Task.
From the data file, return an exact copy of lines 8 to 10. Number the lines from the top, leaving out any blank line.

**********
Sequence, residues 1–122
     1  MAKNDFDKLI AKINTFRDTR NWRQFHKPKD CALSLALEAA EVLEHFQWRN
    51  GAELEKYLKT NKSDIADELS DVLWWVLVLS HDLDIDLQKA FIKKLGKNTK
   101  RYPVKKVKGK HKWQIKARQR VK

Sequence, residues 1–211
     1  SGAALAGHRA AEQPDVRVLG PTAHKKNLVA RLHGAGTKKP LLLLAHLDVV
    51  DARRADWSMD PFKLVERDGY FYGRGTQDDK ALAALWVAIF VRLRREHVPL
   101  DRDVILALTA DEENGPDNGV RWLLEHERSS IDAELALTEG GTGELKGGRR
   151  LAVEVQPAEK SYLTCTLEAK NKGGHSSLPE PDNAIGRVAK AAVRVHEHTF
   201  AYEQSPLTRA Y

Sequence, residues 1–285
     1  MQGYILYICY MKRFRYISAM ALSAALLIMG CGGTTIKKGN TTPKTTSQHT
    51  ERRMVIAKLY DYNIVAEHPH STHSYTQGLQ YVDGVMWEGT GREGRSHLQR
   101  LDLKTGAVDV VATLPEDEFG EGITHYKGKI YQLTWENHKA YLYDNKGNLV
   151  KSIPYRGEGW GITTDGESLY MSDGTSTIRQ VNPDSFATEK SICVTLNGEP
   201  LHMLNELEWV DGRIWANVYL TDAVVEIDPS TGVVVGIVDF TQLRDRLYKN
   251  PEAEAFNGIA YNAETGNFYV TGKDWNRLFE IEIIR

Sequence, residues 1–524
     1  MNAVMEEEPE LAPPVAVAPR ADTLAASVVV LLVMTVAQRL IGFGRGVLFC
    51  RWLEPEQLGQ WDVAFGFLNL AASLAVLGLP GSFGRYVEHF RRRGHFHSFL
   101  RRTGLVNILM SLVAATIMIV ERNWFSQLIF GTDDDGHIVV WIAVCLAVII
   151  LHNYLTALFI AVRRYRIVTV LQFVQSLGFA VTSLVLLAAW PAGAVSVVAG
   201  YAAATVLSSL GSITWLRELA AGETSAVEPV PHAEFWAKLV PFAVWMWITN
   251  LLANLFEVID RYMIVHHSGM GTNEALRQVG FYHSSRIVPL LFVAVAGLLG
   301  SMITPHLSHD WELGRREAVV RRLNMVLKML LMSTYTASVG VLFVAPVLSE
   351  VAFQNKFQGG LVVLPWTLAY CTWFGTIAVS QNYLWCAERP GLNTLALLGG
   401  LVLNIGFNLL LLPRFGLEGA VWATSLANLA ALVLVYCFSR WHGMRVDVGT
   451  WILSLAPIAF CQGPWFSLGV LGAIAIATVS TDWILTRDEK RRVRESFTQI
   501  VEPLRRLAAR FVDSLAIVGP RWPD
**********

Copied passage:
   101  DRDVILALTA DEENGPDNGV RWLLEHERSS IDAELALTEG GTGELKGGRR
   151  LAVEVQPAEK SYLTCTLEAK NKGGHSSLPE PDNAIGRVAK AAVRVHEHTF
   201  AYEQSPLTRA Y